In any event, among the other things they did on that Last Show, aside from the last installment of News From Lake Wobegon, was wrap up one of their long-running series, The Adventures of Buster the Show-Dog, starring Timmy, the Sad Rich Teenage Boy, Sheila the Christian Jungle Girl, Father Finian, and of course the eponymous Buster. The questing heroes finally make it back to St. Paul after wandering the world and decide, before parting ways, that they’ve just got to get a group photo. So off they go to the corner drugstore, where a crooked clerk intentionally trips the alarm system and makes off with $100,000 from the till, leaving the five (including the cabbie who drove them there; they’d insisted he get in the picture as well) to face the music alone. This all dawns on them the next morning, as they sit around the empty boxcar down at the CB&Q rail-yard, where they’d found refuge from the police the night before. Father Finian comes back with some donuts, coffee, and a morning paper. There on the front page are their pictures, identified as the perps in “$100,000 Drug Heist.” They’re now wanted, fugitives.
But the point of it all is that Timmy’s reaction to reading the paper is the exclamation (he says it twice, in fact, as I recall), “Oh boy! We’re famous!!”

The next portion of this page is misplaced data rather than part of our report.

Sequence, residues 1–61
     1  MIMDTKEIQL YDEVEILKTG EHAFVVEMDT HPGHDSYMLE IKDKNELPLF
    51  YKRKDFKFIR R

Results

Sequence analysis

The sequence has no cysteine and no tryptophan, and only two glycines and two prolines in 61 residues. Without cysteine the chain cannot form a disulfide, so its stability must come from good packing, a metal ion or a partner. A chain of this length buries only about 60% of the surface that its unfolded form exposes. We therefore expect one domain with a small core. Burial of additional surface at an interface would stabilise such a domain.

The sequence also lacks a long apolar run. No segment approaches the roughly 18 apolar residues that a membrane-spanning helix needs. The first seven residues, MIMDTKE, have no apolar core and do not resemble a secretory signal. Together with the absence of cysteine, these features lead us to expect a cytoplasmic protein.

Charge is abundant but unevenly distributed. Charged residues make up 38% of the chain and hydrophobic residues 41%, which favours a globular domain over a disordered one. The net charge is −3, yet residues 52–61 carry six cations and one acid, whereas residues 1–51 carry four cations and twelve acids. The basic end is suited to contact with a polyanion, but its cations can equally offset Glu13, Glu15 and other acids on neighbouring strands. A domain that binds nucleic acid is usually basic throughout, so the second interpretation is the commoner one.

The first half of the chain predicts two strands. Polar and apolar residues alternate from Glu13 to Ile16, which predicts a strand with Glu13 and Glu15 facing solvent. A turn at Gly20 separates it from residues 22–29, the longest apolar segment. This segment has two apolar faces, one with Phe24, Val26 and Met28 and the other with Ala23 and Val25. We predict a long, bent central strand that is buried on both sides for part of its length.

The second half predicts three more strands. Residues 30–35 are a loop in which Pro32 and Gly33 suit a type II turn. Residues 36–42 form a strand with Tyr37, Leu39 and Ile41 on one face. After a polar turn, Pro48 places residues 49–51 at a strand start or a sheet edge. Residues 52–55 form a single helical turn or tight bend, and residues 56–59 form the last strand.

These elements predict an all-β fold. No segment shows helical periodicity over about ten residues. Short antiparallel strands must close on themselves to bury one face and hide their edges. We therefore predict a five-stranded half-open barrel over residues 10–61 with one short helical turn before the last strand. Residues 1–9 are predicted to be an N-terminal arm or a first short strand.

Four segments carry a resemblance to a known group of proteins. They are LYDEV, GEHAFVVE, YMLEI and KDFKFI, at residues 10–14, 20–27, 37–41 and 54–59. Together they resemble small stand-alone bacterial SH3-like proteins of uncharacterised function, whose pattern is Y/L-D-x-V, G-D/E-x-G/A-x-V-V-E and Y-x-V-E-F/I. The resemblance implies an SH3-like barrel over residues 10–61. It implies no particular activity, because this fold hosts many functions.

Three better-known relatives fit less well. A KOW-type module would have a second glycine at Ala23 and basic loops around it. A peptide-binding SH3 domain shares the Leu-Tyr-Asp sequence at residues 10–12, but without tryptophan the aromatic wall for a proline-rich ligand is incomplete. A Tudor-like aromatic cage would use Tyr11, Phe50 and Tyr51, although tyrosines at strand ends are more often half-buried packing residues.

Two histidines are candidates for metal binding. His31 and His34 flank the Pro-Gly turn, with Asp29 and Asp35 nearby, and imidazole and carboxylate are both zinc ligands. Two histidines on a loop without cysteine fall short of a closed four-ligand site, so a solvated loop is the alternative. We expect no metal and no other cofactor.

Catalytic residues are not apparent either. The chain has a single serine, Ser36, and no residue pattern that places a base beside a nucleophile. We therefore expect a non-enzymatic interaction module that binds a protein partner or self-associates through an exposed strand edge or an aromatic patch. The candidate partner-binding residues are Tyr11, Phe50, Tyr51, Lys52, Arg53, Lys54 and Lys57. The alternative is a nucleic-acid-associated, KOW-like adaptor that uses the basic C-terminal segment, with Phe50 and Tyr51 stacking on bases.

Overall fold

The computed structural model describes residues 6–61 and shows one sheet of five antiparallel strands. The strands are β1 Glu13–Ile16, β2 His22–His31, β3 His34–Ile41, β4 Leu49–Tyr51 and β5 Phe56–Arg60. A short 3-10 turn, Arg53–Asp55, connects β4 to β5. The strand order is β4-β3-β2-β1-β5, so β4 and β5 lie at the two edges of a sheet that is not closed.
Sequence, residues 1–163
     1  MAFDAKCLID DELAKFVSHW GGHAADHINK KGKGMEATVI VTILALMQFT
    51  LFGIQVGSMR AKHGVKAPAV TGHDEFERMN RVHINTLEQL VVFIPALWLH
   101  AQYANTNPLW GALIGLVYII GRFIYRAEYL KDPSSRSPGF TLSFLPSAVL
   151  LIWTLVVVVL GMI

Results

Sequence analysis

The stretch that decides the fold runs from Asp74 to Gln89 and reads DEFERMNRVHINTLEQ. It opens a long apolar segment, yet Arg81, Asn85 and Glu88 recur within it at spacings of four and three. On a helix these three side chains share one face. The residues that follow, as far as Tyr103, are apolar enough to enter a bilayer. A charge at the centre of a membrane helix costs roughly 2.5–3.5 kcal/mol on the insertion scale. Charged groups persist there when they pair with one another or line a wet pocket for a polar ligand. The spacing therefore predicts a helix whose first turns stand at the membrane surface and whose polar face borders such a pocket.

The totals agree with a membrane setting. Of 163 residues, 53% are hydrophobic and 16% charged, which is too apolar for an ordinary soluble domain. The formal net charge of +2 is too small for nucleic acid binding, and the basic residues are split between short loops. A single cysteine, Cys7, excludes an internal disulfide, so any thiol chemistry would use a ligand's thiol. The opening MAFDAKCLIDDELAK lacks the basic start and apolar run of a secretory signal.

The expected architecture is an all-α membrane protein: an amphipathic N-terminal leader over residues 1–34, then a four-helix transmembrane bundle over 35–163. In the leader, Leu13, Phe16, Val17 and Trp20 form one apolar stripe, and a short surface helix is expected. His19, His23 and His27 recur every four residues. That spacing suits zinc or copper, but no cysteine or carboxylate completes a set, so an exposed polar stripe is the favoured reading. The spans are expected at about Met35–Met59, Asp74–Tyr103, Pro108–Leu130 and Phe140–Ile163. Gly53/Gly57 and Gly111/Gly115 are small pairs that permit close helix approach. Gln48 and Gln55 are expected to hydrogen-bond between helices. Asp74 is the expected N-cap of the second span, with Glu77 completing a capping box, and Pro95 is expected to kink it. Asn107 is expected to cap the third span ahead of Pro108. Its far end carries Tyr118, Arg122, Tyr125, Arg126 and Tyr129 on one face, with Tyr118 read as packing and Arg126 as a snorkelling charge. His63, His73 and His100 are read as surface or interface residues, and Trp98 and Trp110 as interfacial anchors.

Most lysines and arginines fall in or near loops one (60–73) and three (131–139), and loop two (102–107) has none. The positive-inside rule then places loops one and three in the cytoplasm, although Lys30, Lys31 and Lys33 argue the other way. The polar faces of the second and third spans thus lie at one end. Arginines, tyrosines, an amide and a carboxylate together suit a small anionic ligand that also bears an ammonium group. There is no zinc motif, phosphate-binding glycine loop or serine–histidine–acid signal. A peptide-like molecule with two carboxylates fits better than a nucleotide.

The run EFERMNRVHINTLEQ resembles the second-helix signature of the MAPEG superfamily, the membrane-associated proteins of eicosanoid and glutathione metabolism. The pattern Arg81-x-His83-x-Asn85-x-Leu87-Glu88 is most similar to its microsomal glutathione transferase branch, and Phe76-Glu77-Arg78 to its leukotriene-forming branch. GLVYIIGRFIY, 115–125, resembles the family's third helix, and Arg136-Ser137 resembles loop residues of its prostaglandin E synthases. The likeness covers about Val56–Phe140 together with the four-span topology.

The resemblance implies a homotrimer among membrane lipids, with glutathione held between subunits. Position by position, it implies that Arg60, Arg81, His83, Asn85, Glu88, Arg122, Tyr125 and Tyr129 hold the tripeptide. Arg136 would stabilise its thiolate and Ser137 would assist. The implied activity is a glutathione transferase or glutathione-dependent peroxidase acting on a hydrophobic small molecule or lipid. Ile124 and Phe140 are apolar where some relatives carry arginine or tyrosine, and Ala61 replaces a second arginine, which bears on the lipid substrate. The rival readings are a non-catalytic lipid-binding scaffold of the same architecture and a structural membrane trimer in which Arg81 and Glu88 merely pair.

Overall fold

So what does a radio show broadcast 28 years ago have to do with anything?
As the ‘umble proprietor of this ‘umble blog, I do pay attention — embarrassing though it generally is — to the site statistics so helpfully compiled by the lads at WordPress for my enjoyment. It’s how I know to address things to my reader. No, seriously, tossing posts up here is half a jump from what must have gone through Field Marshal Haig’s mind as he dispatched the troops over the top at Third Ypres. Splendid ranks and all, and well-equipped, but you don’t really expect to see them living again.
But there is one post that I put up last year about this time, here, about cooking chitlins. That single post has probably garnered more views than the entire rest of the blog combined. Over the past three or four weeks it’s out-stripped by a factor of fifteen or more (I’m not making this up) every other post, new or old. The search terms that have brought people to that post have run a pretty decent gamut of the questions that people have about the preparation, cooking, seasoning of the guts. I really don’t quite know what to make of it. Here I’ve spent three-plus years now putting up all manner of “heavy” stuff on this site, and yet the solitary item that routinely fetches ’em (cf. Twain: “If that don’t fetch ’em, I don’t know Arkansaw.”) is a post on cooking hog guts.
So I’m constantly reminded of Timmy’s line from that Last Show: Oh boy! We’re famous!!
I suppose I ought to count my blessings and go home. If it’s true, as Oscar Wilde observed, that the only thing worse than being talked about is not being talked about, then being the go-to guy on the internet on how to boil up a nice vat of hog’s intestines beats nothing at all.